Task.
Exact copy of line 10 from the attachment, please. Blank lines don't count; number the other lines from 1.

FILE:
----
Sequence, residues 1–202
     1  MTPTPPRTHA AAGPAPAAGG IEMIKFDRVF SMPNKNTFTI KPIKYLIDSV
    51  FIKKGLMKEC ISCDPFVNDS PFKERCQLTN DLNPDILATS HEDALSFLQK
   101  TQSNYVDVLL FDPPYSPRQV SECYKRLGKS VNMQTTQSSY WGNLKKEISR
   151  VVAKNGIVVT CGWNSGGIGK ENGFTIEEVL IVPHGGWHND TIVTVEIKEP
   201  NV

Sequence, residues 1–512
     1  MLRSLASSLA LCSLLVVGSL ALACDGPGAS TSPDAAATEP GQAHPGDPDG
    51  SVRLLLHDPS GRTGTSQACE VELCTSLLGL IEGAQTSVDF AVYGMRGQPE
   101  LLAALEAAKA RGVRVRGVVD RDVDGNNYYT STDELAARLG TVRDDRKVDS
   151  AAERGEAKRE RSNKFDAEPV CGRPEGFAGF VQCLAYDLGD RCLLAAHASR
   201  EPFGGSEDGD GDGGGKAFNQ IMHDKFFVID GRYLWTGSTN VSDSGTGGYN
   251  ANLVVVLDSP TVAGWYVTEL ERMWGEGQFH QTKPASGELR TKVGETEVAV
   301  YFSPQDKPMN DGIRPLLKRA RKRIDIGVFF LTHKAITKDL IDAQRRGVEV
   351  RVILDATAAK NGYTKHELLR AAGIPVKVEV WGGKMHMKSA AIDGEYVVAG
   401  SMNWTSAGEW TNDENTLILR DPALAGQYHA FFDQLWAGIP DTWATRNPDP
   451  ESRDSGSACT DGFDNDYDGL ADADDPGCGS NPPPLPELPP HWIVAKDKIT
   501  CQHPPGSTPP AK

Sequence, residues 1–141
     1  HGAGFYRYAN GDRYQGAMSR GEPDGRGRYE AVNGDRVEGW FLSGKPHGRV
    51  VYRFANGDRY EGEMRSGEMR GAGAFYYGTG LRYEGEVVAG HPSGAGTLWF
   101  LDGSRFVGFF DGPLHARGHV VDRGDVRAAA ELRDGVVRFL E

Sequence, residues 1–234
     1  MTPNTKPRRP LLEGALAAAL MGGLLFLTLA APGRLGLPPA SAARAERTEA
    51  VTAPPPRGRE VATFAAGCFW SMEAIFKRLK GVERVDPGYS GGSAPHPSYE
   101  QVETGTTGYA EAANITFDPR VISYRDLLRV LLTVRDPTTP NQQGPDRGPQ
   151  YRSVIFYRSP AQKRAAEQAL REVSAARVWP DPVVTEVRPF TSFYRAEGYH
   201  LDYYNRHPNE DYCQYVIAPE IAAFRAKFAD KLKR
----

   101  LLAALEAAKA RGVRVRGVVD RDVDGNNYYT STDELAARLG TVRDDRKVDS